Several Louisville cultural groups have found new homes after having to leave their shared locale at a downtown building known as ArtSpace.
Kentucky Shakespeare has landed in Old Louisville, less than a block from where it holds its summer season in Central Park. The company has been renovating an empty industrial building with plans to move in early May.
Director McDaniel Bluitt said “it feels real good” to know that his youth choir will have a place, albeit a temporary one, where he can continue classes and rehearsals after a months-long search.
“They have large numbers of people who come through that building every week, and it will help us to kind of get our materials out and our name out to people who want to know where we are going to be,” Bluitt said.
The philanthropic nonprofit Fund for the Arts has owned ArtSpace, near the Brown Hotel and Theater on West Broadway, since December 2006, which it received the building as a donation. It rented out the units to cultural groups at subsidized rates. In recent years, other non-arts nonprofits have been in some of the spaces.
But the Fund for the Arts Properties Foundation, Inc. board decided to get out of the real estate business several years ago, chief financial officer and chief operations officer Janie Martin told WFPL last November.
“It’s a management of time issue,” she said.
They first put the building on the market in February 2018 and found a buyer last fall. The unnamed buyer plans to turn it into residential units.
CEO and president Christen Boone said the money from the sale would be reinvested into the Fund’s other programs. But the sale also meant that about a dozen tenants, including a handful of arts groups, had to find new homes in the middle of a global pandemic.
In December, those groups got a slight reprieve when the closing date got pushed to April.
A statement from the Fund this week said the sale “should be final soon,” and that the FFTA Properties Board “has indicated a commitment to supporting the arts organizations with financial support associated with the relocation.”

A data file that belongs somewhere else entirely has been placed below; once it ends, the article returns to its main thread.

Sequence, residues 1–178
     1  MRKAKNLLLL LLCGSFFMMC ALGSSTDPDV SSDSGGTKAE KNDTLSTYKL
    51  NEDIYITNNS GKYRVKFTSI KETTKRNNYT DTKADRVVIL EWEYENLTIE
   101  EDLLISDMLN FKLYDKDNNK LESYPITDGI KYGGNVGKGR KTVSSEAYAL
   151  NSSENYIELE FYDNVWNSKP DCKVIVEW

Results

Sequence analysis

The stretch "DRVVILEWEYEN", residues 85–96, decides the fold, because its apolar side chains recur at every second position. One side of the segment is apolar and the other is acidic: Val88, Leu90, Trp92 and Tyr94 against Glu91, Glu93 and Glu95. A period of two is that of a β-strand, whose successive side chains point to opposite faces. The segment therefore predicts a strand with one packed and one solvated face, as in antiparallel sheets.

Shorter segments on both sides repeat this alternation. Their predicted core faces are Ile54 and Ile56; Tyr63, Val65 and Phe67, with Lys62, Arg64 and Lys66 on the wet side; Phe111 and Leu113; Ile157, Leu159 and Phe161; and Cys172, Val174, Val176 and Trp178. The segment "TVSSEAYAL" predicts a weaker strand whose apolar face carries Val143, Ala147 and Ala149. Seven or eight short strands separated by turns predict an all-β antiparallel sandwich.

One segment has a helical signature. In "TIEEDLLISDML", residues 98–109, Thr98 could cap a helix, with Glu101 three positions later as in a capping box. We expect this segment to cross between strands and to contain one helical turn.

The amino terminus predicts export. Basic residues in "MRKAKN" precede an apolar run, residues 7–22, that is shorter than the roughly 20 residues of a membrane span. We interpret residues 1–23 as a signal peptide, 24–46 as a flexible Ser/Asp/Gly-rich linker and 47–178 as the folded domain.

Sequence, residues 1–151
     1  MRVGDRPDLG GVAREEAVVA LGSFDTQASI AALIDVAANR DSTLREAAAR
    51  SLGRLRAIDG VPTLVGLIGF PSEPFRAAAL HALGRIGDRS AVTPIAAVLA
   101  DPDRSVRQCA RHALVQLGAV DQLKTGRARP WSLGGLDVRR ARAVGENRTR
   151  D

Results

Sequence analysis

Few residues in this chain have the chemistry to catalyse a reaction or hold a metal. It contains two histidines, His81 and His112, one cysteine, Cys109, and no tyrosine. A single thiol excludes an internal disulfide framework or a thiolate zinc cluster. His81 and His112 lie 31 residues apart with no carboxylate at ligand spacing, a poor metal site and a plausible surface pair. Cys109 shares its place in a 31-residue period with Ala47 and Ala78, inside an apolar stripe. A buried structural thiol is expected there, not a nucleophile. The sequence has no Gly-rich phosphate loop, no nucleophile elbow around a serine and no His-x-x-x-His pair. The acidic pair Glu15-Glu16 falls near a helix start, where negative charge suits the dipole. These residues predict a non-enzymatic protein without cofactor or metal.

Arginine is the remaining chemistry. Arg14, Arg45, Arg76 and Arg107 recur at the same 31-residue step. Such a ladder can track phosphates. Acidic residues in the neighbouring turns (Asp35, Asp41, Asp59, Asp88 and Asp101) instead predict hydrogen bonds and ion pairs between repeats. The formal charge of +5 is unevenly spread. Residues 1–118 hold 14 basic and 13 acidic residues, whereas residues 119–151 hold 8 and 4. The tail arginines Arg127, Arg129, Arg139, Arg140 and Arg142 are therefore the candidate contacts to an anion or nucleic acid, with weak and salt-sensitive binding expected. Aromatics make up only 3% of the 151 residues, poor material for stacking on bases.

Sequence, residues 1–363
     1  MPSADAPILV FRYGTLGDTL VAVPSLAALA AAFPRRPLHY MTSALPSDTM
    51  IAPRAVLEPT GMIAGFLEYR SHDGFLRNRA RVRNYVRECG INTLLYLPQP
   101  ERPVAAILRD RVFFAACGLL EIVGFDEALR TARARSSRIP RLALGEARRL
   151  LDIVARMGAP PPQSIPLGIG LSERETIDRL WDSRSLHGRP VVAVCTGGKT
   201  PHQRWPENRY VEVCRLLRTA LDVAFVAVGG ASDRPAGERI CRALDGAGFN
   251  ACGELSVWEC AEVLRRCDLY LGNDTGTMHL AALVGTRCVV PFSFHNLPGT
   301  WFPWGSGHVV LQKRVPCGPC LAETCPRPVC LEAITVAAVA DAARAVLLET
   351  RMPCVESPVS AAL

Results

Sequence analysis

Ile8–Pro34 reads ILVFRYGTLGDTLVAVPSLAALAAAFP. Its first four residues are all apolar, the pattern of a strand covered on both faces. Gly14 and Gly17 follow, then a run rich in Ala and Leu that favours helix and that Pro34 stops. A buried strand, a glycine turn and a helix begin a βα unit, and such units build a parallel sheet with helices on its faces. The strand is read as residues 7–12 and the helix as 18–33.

“We’ve been stressing about the loss of our space for almost two years now,” Matt Wallace, producing artistic director for Kentucky Shakespeare, said.
Wallace said they looked at more than 20 places and this 8,750 square-foot spot at 616 Myrtle St., built in 1975 to manufacture auto parts, was the clear winner.
“In the history of the company, we’ve never had this sort of space, this sort of access to Central Park and have everything right here,” Wallace said, adding that they’ll have their costume shop, offices and rehearsal space in this building, with storage in an adjacent one.
“And I still didn’t think it was possible until we had some angel donors step forward.”
The company began “quietly fundraising” in January, raising $250,000 to renovate the building’s offices and cover relocation costs. They hope to raise an additional $50,000 by the summer, Wallace said, to fund costume shop renovations and put a HVAC system into the back area, where rehearsals will take place.
They’re aiming to complete that part of the building by summer 2022.
Wallce didn’t share the financial details of Kentucky Shakespeare’s agreement with the building’s owner, Henry Sanders. But he said it was a “very reasonable” 10-year lease with three five-year extensions.
“It’s just gratitude is what we’re all experiencing, to be able to come out of the past year and truly feel like we are set up for success to get to work… it’s really exciting to have something so positive coming out of this time.” Wallace said.
He’ll miss sharing space with other Louisville arts groups.
“But those relationships have been forged,” he continued. “We’re all collaborating and my hope with this is we can capture some of that same experience of ArtSpace [here].”
He’d like to open their rehearsal space up to other local cultural organizations, as well as community events.
ArtSpace tenants Creatives of Color Collective, or C3, and Redline Performing Arts signed a lease on their new home in Louisville’s Portland neighborhood in February.
“It’s gonna still need some attention and some paint and [dance] flooring laid down, that kind of thing, but it’s definitely a start,” Alonzo Ramont, CEO of both organizations, told WFPL.
West Louisville Performing Arts Academy’s McDaniel Bluitt said the whole thing “has been a pretty challenging ordeal,” especially after having been based out of ArtSpace for about a decade.
His organization launched a capital campaign earlier this year, with the goal of raising $500,000 to ensure its future.
He thinks the Kentucky Center for African American Heritage’s location, at 18th and Muhammad Ali Boulevard, is a great spot as it will be accessible for his young pupils through a variety of transit options, something that was important to him when shopping around.
The rooms the academy will occupy have gotten, or will get, acoustic treatments.
“They are making adjustments for us to be able to do what we do,” he said.
Because WLPAA and the center have “compatible” goals, Kentucky Center for African American Heritage executive director Aukram Burton said the two organizations are working together to make this a permanent home for Bluitt and his choir.